I grew up in a small town tucked away in the mountains of Pulaski, Va. This beautiful Appalachian upbringing provided great vistas and wonderful childhood memories. However, it did little to prepare me to be a ministry leader in an increasingly diverse context.
After 35 years of pastoral ministry, I wonder if anything could have prepared me for what I encounter today.
In early 2010, my wife Glenda and I moved from our predominantly monocultural neighborhood in the suburbs of Indianapolis to our new church, First Baptist Church, Duluth, Ga. This quaint Southern town outside Atlanta is diversifying at an astonishing rate.
Longtime residents can recall when Duluth amounted to a single road with a single stoplight. But in the late '80s and early '90s, Duluth became a residential hot spot in suburban Atlanta. Professional athletes, CEOs, and wealthy entrepreneurs built massive homes, and the standard of living soared.
A colossal event in 1996 changed the trajectory of this community for the next generation: Atlanta hosted the Olympics. The nations came to our city. International leaders had a delightful first experience in the mild climate and robust economic atmosphere of Atlanta's suburbs. As a result, people from a variety of nations began to populate Duluth in record numbers during the early 2000s.
When I arrived in 2010, Duluth was on its way to becoming one of the most diverse cities in America. In our mayor's "state of the city" address that year, I heard a startling statistic that has motivated me ever since.
Mayor Nancy Harris illustrated the changing nature of our community with one statement: "There are 57 languages spoken daily at Duluth High School." I wrote this down and challenged the mayor afterward. Surely she had misspoken! I didn't think there were 57 languages in the entire world, much less at our local high school.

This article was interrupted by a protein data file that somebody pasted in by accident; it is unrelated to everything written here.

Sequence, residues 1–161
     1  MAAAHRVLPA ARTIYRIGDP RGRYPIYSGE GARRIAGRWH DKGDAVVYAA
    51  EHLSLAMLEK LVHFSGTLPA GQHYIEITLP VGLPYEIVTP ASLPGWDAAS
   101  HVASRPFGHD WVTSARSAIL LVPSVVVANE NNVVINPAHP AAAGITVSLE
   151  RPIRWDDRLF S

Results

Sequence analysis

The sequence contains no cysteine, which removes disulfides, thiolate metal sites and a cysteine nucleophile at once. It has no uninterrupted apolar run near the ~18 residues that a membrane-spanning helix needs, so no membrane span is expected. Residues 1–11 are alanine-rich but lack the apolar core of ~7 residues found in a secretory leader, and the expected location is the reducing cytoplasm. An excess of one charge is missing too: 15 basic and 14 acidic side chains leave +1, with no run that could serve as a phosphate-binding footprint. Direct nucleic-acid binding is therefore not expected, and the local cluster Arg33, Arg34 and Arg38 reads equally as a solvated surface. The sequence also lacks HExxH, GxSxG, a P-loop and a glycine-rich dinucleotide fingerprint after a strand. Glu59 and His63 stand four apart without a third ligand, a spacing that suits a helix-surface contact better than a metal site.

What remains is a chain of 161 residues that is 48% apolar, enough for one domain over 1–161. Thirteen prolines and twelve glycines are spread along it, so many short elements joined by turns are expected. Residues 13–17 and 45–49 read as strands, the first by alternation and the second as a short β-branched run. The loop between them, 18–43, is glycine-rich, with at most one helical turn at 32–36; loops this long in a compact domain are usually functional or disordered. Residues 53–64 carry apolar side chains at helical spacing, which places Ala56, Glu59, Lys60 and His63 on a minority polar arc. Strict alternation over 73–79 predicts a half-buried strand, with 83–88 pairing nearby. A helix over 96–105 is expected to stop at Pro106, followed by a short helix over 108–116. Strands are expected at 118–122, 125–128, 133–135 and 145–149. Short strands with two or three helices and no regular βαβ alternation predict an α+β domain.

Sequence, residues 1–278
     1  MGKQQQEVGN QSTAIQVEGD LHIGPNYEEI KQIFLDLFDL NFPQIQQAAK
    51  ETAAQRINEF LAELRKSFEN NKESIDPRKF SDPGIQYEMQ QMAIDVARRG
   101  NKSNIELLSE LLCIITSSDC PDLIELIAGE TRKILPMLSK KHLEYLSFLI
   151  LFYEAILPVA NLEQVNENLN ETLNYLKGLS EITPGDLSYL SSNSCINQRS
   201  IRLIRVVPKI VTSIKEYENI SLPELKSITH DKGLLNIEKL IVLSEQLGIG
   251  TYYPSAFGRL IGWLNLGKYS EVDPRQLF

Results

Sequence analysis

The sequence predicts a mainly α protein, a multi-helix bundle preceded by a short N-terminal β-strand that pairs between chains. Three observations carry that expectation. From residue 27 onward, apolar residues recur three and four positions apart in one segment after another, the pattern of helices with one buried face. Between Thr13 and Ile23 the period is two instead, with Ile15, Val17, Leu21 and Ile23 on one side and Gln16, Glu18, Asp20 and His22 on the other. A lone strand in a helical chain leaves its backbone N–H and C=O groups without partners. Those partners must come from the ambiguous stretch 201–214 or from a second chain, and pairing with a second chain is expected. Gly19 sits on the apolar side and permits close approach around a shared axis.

I left that event pondering, "If First Baptist Church is going to be relevant in this community, we have to learn to carry the life-changing truth of the Gospel to 57 different language groups." I spent the next six months forming a biblical strategy that I shared with the church in a Sunday morning message.
Since that time, people from 41 nations have become members of our church or partners in ministry. We now offer our services with live interpretation through headsets in Spanish, Korean and Arabic (we hope to add Mandarin Chinese soon). We join with our community and celebrate international holidays, such as El Día de Los Tres Reyes Magos (Three Kings' Day), a Spanish celebration, at Christmastime; East Asian New Year, for those who observe the lunar calendar; and India's Independence Day.
Our church is making arrangements to be one of two American celebrations of the release of a new African study Bible written by Africans for Africans to be distributed throughout the continent and made available for African-born people residing in other parts of the world.
The changes at our church all began with the establishment of rich relationships that provided the impetus to show how much we care for one another. My friend and mentor Mark DeYmaz explains this as the difference between being "assimilating" and being "accommodating."
Most churches do a good job at assimilation. Many churches have a staff position dedicated to assimilation. Assimilating churches do their best to provide all the necessary information for you to become one of us, become like us and adopt our culture.
Accommodation, on the other hand, begins with me wanting to know about you. How can I help you to become all God intends you to be? Tell me about your cultural nuances and how to make a Gospel impact in your cultural setting.
Recently, I had the privilege of baptizing Hwajin Lee, who came to our church through our English classes offered on Wednesday evenings. During a class break, her instructor told me Lee wanted to know how to become a member of the church.
A classmate served as my interpreter into her native language of Korean. Lee shared how she was reared in a believing home in Korea and had been attending a predominantly Korean church in America. However, since coming to First Baptist Church Duluth, she had experienced a spiritual call to be a part of something beyond her culture and beyond her language.
People like Lee remind me of the spiritual task of building a ministry that is relevant to our local community. After experiencing the spiritual dynamics of a multicultural church, I do not ever desire to return to a monocultural world. As Lee shared with me that evening, "There is a spiritual call to something beyond my comfort zone."
The beautiful picture of heavenly worship in Revelation 7:9 might be beyond our comfort zone, but it is happening every week at our church. I feel incredibly blessed.